How will this play out in Northern Ireland itself? The DUP welcomed the announcement, but only cautiously. They came up with seven criteria against which they will evaluate whether the measures are enough for them to return to power-sharing. We ourselves have to digest what is in the bill on a more granular level. But politics plays its role here too. The DUP has no desire to be part of a government in which Sinn Fein gets the job of first minister, and the protocol gives them a fig leaf to stay out. But a majority of members of the Northern Ireland Assembly, the region's devolved parliament, wrote to London expressing their strong objections to the bill, according to the Times.

If negotiations were to continue, exemptions and solutions could materialise if both sides were to find a way forward. A compromise between Truss’s green lanes and the EU’s express lanes should clearly be on the cards. The legal jurisdiction is more problematic but not impossible either, according to Tony Connelly.

What will the EU do? The Irish foreign minister warned Truss in their phone call against a breach of contract and mutual trust whilst creating more uncertainty. The EU may decide tomorrow whether or not to resume its infringement proceedings against Britain for breaching the terms of the Brexit agreement. But firm actions will be unlikely until the bill becomes law.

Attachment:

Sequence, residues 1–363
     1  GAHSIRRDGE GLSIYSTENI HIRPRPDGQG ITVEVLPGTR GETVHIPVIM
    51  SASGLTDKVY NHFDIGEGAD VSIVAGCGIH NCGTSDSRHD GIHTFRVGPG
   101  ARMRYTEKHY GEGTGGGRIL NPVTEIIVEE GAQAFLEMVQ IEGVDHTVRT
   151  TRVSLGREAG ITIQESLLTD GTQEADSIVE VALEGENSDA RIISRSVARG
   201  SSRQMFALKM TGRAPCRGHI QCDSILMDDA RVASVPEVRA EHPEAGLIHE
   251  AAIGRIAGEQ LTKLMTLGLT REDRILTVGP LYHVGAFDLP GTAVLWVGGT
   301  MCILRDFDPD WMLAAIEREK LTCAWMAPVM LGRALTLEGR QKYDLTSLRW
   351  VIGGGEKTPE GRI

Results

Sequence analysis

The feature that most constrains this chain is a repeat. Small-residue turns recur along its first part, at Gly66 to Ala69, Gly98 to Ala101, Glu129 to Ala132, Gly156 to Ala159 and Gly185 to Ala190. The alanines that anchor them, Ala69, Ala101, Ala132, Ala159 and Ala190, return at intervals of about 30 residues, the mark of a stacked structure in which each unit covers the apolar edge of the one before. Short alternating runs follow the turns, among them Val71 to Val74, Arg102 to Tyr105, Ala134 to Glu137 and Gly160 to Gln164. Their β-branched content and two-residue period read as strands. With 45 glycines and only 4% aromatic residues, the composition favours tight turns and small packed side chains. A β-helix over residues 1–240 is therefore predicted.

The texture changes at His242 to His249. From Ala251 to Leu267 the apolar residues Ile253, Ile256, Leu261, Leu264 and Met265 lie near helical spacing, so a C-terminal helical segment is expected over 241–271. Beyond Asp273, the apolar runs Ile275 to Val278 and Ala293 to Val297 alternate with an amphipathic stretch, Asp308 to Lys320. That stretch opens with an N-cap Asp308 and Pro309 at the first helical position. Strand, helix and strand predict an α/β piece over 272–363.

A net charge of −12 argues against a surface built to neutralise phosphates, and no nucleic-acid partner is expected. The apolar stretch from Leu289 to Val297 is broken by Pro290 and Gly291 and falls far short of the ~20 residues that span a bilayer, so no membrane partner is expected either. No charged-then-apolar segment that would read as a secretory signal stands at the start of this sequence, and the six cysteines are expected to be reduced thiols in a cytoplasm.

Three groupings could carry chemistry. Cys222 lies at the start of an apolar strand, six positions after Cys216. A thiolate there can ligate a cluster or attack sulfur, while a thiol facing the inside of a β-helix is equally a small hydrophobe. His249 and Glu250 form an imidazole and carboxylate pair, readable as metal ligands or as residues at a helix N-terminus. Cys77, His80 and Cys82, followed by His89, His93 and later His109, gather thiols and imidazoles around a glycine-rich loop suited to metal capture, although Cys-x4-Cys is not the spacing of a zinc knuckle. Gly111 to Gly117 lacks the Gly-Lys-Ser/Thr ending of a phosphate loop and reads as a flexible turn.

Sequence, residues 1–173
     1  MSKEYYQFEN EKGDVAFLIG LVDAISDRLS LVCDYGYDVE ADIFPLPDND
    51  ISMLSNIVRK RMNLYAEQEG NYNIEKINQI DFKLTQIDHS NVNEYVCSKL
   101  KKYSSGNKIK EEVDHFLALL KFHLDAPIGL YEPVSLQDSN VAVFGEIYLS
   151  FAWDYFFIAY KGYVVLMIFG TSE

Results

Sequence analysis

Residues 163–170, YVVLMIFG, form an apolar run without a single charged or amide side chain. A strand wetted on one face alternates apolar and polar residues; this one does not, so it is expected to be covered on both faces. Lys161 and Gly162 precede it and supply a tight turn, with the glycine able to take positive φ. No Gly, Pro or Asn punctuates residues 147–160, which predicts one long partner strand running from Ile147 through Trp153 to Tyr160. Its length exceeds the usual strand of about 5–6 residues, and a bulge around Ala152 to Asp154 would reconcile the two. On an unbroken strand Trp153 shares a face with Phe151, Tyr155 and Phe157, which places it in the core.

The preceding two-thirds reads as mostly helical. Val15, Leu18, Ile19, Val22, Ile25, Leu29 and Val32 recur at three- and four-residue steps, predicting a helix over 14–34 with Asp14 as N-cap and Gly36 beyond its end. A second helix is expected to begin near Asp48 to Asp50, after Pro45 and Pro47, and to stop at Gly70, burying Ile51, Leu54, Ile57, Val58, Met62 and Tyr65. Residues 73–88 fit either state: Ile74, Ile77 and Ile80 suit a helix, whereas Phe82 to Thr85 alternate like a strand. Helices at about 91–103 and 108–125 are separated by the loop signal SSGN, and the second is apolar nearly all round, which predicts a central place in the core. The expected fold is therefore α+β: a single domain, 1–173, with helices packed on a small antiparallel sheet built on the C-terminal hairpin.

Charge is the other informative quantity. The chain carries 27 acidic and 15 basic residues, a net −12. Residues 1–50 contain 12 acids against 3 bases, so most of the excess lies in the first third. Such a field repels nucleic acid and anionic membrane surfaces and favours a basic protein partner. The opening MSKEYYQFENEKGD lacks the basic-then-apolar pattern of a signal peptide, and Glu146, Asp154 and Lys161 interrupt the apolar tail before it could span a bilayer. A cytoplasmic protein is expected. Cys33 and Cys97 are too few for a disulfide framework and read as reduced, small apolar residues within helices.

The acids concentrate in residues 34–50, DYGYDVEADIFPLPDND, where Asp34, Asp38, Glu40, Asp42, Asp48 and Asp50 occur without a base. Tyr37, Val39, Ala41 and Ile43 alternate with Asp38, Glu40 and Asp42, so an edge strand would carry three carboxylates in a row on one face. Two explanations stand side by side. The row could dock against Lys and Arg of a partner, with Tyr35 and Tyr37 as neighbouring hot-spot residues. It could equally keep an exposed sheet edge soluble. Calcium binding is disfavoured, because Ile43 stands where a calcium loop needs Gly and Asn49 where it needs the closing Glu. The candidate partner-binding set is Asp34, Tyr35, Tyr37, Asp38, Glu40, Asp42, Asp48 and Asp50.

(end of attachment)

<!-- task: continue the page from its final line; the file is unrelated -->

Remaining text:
13 June 2022

Passerelle vs Escher's stairs

A passerelle is French for bridge: not a normal bridge, but more like a footbridge or a gangplank placed between two boats. It is the essential issue in the debate on constitutional reform in the EU. In the language of European constitutional debate, the passerelle constitutes a device that allows the European Council to shift towards qualified majority voting, one step at a time. This device exists already, but in a form that is entirely useless. It requires unanimity by everybody to get rid of unanimity. In addition, it is subject to the veto of national parliaments. The Dutch graphic artist M.C. Escher would have had his fun with the European Union, an endless source of inspiration for the absurd and the impossible. Here below is one of Escher's famous staircases, which we see as accurate renditions of the EU decision-making process right now.